Hello everyone and welcome to this Ethics Alert which will discuss the Florida Bar Board of Governor’s (BOG) unanimous approval of Ethics Advisory Opinion 18-1 addressing fee arrangements between qualifying providers and participating lawyers to comply with amended Florida Bar Rule 4-7.22, which substantially revises the requirements for qualifying providers. Ethics Opinion 18-1 is here: https://www-media.floridabar.org/uploads/2018/10/Proposed-Advisory-Op-18-1-website-10-12-18.pdf
At its December 14, 2018 meeting in Naples, the BOG approved Advisory Ethics Opinion 18-1, “Payments to Qualifying Providers/Lawyer Referral Services.” regarding for-profit qualifying providers, previously known as lawyer referral services, and related payment methods. The BOG approved the Ethics Opinion unanimously without debate.
Under amended Bar Rule 4-7.22, which became effective in April 2018, a qualifying provider is, “any person, group, or persons, associations, organizations, or entities that receive any benefit or consideration, monetary or otherwise, for the direct or indirect referral of respective clients to the lawyers or law firm.”
The Comment to Rule 4-7.22 states:
“A lawyer may not participate with a qualifying provider that receives any legal fee that constitutes a division of legal fees with a non-lawyer unless the qualifying provider is The Florida Bar Lawyer Referral Service or a lawyer referral service approved by The Florida Bar pursuant to Chapter 8 of these rules,” the comment states. “A fee calculated as a percentage of the fee received by a lawyer, or based on the success or perceived value of the case, would be an improper division of legal fees…(a)dditionally, a fee that constitutes an improper division of fees occurs when the qualifying provider directs, regulates, or influences the lawyer’s professional judgement in rendering legal services to the client.”
Ethics Advisory Opinion 18-1 lists the following factors which “mitigate in favor of a conclusion that the charge is permissible”:
- The charge is reasonably based on the qualifying provider’s costs for marketing and administration plus a reasonable profit; and
- the charge is imposed regardless of whether the lawyer is hired by the prospective client.
The opinion lists the following factors which would “mitigate in favor of a conclusion that the charge is impermissible”:
- The charge is based on the perceived value of the individual matter.
- The qualifying provider collects the lawyers’ fees directly from the consumer, takes a portion of the fee as the charge for the referral or match, then remits the remainder to the lawyer.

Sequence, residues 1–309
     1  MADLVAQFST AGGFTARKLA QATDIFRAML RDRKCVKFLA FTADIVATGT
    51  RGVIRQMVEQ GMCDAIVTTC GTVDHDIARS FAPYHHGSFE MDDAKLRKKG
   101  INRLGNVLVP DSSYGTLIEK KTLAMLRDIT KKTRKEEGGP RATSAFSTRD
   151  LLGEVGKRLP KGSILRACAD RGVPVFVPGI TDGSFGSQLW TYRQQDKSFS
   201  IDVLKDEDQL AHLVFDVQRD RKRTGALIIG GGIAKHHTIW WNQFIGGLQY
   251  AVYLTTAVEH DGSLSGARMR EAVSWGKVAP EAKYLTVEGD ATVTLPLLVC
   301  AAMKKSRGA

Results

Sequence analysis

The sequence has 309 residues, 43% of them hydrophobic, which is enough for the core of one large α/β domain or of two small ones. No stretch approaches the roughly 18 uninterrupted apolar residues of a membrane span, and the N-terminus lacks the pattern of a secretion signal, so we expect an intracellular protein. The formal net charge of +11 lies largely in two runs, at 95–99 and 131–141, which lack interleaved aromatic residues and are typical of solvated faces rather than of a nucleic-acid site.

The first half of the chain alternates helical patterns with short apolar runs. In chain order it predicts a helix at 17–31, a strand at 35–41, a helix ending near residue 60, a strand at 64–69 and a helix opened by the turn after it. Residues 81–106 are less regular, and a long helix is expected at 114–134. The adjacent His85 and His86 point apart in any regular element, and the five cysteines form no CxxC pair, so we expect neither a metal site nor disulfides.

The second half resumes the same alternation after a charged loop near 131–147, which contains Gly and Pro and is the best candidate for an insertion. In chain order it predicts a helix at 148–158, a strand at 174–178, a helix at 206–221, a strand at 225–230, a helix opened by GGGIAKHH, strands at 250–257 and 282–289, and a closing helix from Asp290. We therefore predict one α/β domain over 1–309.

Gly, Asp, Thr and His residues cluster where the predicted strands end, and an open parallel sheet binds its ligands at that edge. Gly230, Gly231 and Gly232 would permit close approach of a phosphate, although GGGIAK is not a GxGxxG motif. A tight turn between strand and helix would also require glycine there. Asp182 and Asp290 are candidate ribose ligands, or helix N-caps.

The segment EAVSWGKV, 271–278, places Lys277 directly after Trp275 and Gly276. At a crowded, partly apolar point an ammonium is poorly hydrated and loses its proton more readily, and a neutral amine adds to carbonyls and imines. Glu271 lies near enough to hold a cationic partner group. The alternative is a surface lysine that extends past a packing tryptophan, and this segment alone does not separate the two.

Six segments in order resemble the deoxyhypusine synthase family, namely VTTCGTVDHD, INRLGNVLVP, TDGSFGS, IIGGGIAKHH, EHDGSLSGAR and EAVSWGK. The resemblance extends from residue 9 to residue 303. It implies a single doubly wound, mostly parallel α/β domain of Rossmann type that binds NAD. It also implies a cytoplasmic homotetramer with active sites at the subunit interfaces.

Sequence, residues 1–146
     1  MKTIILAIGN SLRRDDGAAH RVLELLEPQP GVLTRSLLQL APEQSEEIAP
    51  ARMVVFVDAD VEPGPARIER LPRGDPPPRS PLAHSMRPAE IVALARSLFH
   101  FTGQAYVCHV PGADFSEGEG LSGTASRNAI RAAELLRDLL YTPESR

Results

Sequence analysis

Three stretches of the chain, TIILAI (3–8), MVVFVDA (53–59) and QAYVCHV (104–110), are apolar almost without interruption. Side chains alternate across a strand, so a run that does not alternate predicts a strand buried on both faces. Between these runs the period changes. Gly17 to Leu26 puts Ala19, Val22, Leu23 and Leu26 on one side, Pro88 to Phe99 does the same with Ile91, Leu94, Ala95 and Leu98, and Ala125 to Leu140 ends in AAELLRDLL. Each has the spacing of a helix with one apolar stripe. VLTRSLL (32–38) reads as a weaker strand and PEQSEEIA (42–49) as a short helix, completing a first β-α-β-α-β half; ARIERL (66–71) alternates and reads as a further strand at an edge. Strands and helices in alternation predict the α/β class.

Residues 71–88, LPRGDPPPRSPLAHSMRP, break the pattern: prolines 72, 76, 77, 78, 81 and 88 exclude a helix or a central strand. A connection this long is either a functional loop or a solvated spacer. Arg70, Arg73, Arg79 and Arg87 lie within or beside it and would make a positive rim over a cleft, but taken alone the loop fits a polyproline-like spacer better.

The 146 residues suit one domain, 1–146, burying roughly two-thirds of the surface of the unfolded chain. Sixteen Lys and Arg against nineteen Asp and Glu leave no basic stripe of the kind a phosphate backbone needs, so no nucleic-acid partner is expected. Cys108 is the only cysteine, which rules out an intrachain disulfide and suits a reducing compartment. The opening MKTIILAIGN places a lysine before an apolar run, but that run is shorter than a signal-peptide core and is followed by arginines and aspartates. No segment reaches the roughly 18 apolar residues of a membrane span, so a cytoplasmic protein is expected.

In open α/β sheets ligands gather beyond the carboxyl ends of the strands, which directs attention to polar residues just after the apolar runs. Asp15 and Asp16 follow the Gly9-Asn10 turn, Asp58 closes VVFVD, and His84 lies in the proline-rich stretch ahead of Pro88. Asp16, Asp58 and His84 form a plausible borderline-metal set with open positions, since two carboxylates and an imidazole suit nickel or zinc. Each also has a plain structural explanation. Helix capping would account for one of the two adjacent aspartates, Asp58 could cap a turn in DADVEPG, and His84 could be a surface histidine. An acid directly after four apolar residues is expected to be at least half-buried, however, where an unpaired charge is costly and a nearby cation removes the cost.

- The qualifying provider interferes with the lawyer’s independent professional judgment in representing clients or directs the lawyer’s activities in representing clients.
- There is sufficient incentive for the qualifying provider to improperly solicit prospective clients or improperly market the service.
The opinion states that: “the board believes the following would be permissible:”
- A reasonable, pre-arranged fixed charge per time period such as weekly, monthly, or yearly;
- A reasonable, pre-arranged fixed charge for each time a consumer views information about a specific lawyer, commonly referred to as “pay-per-click.”
- A reasonable, pre-arranged fixed charge per matter referred to the lawyer that is not contingent on the outcome of the matter and does not vary based on the amount at issue in the matter.
- A reasonable, pre-arranged fixed charge per matter referred to the lawyer that varies based on the type of matter only if the varying charge is based on demonstrably different marketing and administrative costs rather than the perceived value of the case.
The opinion states that: “the board believes the following would generally be impermissible”:
- A charge calculated as a percentage of the fee received by a lawyer.
- A charge calculated as a percentage of the client’s recovery in the matter.
- A charge based on the perceived value of the case referred to or accepted by a participating lawyer.
- A flat charge that differs based on the perceived value of the case referred to or accepted by a participating lawyer.
- A flat charge per case accepted by a participating lawyer.
- A flat charge per case accepted by a participating lawyer that differs based on the type of matter (e.g., personal injury versus family law).
The opinion states that it is designed solely to address what constitutes impermissible fee splitting, and that lawyers should not “assume that a lawyer may participate with a particular qualifying provider solely because the qualifying provider’s method of charging for its services falls within one of the methods the board concludes generally would be found to be permissible.”
Bottom line: The Ethics Opinion identifies various fee arrangements between lawyers and qualifying providers which may or may not comply with the new rule. Any lawyers who participate in (or are considering participating in) referrals from a private entity should carefully review this ethics opinion and the amended rule, since lawyers can be disciplined if the referral service (qualifying provider) fails to comply with the Florida Bar rules.
Be careful out there.
Disclaimer: this e-mail is not an advertisement, does not contain any legal advice, and does not create an attorney/client relationship and the comments herein should not be relied upon by anyone who reads it.
Joseph A. Corsmeier, Esquire
Law Office of Joseph A. Corsmeier, P.A.
29605 U.S. Highway 19, N., Suite 150
Clearwater, Florida 33761
Office (727) 799-1688
Fax (727) 799-1670